The time is now for Essex residents looking to weigh in on proposed changes to the town’s firearms ordinance.

The selectboard’s public outreach campaign kicked off earlier this month with a public forum at Founders Memorial School, where several town employees outlined the proposed ordinances and shooting-related topics before the crowd of more than 50 people broke into groups to discuss different locations in town.

There will be several more events in the coming months, including three informational booths planned for June 21 at Sand Hill Park, June 27 at the farmers’ market and July 14 at the Essex Free Library. The town has also created explainers for self-guided site visits to the potentially impacted areas. More information on the booths and those tours be found at: www.essex.org/firearms.

Residents can share input at any time throughout the process via PlaceSpeak, a civic engagement platform that offers a wide range of input opportunities. As of Monday morning, more than 50 people had taken an online survey about the ordinance changes, and a discussion board featured more than 75 comments – though a handful of residents have commented multiple times.

Comments on the forum date show mixed reactions from residents. Some say change is needed, given the growth of Essex over the last decade. Others say the selectboard is trying to fix a non-problem.

The selectboard has repeatedly emphasized the importance of an online meeting space because some people have reported feeling intimidated during previous discussions.

At Monday night’s meeting, they reiterated that concern. Selectwoman Elaine Sopchak said she heard from several people who felt “ganged up on” at the June forum, and Andy Watts heard PlaceSpeak had already featured some “abusive discussions.”

Facilitator Jennifer Knauer said she’s noticed most of the forum attendees struggled to consider the “middling options,” instead favoring either an all-out ban or no ordinance at all. But she said experience shows her the “extreme” messages posted on the online forum are often followed by more moderate ideas. She’s looking to see what happens when those conversations “start to temper.”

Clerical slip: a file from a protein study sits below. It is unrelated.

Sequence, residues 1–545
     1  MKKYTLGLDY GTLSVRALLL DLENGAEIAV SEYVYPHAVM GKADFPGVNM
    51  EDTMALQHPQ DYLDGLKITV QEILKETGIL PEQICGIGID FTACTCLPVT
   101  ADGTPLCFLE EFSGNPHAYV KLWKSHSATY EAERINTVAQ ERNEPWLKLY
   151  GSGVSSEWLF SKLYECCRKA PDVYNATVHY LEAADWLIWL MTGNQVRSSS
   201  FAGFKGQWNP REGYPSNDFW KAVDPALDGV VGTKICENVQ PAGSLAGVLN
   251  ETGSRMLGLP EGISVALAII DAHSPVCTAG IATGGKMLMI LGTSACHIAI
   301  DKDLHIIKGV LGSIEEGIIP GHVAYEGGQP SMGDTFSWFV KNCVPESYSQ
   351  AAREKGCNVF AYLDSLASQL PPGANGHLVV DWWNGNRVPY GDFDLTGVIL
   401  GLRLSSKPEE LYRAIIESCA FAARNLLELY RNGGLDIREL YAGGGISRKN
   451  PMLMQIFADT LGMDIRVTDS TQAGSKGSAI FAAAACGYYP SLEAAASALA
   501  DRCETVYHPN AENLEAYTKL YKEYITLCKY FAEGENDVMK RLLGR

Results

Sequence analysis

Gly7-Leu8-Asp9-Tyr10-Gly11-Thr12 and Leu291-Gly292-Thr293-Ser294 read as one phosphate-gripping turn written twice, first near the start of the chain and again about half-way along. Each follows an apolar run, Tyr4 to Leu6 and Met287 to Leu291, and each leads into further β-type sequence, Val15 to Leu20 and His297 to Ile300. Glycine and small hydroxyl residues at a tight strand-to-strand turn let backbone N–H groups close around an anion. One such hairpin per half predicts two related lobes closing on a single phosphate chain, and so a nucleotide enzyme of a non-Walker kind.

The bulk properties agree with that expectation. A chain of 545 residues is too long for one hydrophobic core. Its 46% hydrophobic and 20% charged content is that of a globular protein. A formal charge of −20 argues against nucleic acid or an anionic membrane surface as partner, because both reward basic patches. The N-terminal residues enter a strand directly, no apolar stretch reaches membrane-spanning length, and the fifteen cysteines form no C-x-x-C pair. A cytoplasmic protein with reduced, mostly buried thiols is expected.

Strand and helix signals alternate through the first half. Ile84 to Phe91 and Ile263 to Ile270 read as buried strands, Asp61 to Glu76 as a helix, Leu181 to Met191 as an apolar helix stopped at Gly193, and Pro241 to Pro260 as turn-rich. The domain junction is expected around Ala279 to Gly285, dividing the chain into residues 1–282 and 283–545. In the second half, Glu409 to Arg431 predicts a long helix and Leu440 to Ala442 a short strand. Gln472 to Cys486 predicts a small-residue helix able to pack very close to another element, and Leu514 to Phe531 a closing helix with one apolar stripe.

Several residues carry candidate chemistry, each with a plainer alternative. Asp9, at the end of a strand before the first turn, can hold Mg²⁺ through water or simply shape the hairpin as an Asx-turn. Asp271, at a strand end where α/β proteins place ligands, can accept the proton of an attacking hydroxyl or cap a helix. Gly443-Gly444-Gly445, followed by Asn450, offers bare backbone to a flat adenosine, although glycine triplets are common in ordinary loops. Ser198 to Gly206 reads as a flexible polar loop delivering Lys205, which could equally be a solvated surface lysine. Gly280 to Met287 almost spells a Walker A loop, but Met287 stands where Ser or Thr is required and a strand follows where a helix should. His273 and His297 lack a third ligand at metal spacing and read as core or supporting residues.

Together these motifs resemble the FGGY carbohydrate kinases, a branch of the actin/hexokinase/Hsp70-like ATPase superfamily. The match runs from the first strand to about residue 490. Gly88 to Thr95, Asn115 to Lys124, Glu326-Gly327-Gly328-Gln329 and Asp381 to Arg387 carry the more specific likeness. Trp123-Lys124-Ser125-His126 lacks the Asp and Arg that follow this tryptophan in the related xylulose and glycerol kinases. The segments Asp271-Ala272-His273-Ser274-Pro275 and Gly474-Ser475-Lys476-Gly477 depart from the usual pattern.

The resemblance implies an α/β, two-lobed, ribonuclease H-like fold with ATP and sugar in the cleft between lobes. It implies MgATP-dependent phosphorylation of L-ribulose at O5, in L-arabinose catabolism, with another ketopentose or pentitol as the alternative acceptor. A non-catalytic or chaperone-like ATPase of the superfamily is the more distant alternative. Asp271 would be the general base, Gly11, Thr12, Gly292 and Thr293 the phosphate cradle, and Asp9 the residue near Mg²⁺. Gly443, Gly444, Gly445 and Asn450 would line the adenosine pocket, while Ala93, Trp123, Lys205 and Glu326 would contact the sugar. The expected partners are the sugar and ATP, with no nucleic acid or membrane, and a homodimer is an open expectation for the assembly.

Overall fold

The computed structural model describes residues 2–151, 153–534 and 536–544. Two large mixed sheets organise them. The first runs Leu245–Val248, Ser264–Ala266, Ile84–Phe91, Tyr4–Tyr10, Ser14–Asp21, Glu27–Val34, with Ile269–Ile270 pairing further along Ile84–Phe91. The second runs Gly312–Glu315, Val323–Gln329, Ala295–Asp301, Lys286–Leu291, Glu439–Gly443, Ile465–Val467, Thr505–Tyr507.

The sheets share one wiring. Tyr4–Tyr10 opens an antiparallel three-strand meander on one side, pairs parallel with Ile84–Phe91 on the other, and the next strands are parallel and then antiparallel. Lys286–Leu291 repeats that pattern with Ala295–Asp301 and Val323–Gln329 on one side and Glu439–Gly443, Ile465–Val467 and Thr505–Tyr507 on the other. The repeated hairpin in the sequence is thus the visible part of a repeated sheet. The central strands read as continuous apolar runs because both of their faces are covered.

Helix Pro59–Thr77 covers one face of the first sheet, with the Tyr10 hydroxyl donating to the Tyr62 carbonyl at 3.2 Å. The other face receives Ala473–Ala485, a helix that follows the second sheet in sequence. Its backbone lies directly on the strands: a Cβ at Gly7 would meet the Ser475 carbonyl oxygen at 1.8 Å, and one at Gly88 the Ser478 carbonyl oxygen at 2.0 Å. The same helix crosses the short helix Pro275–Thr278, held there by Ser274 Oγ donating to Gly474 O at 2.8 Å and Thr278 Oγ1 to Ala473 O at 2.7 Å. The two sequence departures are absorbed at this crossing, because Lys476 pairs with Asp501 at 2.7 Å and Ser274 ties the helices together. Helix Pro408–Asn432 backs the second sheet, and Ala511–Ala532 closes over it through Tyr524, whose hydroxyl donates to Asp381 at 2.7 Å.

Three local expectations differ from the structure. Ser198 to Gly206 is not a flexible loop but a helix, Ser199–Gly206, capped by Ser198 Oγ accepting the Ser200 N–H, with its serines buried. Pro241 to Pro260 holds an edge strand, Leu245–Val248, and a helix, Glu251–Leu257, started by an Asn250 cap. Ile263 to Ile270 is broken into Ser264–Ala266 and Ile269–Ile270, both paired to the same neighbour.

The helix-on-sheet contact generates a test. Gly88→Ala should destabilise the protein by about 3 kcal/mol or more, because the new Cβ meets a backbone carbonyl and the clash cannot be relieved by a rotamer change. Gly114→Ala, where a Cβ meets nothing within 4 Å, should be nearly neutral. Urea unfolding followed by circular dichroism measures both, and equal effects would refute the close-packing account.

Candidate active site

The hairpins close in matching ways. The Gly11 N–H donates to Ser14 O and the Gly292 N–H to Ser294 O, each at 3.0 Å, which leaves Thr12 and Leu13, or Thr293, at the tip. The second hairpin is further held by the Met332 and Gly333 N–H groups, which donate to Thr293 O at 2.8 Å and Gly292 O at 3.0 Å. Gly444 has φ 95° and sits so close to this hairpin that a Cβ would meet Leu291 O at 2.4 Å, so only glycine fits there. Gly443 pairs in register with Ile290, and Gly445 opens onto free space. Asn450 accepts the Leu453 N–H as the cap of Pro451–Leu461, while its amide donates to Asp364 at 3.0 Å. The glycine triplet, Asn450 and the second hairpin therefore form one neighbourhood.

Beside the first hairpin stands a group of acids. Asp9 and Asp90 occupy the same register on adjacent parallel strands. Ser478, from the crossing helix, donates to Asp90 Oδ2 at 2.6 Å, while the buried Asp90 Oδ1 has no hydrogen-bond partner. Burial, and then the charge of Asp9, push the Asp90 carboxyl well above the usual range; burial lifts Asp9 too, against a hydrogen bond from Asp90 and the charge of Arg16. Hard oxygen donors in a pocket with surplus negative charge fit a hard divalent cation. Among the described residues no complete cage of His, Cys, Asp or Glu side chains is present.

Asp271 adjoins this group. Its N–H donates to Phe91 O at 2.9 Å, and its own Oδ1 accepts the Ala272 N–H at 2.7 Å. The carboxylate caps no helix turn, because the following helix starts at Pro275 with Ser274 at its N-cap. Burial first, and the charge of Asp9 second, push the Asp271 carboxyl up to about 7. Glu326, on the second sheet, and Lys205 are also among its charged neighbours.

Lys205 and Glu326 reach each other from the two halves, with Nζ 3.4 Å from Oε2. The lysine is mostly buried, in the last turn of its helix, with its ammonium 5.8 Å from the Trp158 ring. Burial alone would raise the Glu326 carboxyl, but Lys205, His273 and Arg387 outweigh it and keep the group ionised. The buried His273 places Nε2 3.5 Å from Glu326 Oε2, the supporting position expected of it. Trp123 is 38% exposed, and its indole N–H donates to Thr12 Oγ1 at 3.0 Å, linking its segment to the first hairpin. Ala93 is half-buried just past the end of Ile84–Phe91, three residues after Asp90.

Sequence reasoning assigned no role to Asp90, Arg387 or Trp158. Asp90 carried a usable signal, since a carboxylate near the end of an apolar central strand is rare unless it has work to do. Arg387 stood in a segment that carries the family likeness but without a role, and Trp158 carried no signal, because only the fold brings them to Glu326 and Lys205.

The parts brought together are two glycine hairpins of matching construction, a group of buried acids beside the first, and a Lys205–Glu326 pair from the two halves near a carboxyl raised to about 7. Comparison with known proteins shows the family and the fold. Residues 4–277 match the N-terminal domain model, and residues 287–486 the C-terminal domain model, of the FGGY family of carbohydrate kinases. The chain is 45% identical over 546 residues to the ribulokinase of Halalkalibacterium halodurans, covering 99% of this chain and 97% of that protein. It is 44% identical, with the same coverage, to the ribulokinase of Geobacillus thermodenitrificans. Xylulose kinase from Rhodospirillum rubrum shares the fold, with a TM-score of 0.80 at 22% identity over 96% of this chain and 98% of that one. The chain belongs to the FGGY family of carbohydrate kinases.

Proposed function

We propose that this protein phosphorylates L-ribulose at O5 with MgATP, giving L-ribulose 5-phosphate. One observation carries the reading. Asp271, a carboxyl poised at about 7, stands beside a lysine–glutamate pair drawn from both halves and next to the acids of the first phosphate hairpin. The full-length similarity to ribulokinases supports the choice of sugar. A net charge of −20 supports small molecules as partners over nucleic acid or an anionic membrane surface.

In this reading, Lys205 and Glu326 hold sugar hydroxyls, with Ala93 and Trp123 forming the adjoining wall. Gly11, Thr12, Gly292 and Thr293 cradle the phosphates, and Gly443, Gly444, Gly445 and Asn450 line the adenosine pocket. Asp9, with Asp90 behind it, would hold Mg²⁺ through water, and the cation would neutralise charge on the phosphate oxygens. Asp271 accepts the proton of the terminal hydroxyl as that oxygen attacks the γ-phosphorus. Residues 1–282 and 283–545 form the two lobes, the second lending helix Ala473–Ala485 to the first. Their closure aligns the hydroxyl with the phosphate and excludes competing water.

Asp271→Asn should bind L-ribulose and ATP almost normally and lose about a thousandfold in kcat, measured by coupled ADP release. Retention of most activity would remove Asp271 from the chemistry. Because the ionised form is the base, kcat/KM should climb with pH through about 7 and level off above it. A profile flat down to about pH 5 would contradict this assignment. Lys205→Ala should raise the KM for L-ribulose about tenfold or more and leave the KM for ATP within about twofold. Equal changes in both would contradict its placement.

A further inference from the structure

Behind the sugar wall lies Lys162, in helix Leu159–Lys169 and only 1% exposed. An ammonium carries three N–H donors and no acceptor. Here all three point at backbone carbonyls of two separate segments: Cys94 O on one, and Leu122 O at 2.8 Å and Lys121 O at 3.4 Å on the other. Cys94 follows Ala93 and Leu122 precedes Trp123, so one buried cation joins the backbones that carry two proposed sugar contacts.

“I don’t know,” she said. “That’s the exploration for all of us.”

She also said PlaceSpeak allows residents to post anonymously after confirming they live in town. That should help them feel more comfortable about voicing their opinions, she said.

Knauer attended the selectboard meeting with a few questions of her own, including whether the online forum should allow comments from people who live outside of Essex.

Several residents in attendance felt strongly that the forum should be only open to Essex residents: “It’s not their issue, it’s our issue,” Tim Fagnant said.

The board agreed, unanimously voting to keep the discussion local.

The current ordinance prohibits shooting in certain parts of town while the village has its own ordinance prohibiting all firearms discharge. The selectboard hopes the public outreach will help it decide whether to expand the no-discharge area, based on recommendations from former police Chief Brad LaRose.

He had suggested starting with Indian Brook Park and Saxon Hill Forest, two popular walking and biking locations, and said a zone-based approach that limits discharging certain guns may be the best compromise to push through any changes.

LaRose included those recommendations in a report he gave to the selectboard in 2017, a year after a Deer Crossing Ln. resident found a rifle bullet lodged in his wall.

After the public outreach campaign, Knauer will create a report with staff’s help before presenting it to the selectboard. Any ordinance changes must include at least one public hearing, which will be scheduled sometime in the late summer or early fall, if needed.

The selectboard chose that process – considered the expedited approach – over creating a taskforce in hopes of installing any changes before this hunting season.

The town will host its next public forum July 19 from 6:30 p.m. to 8:15 p.m. at a location yet to be determined.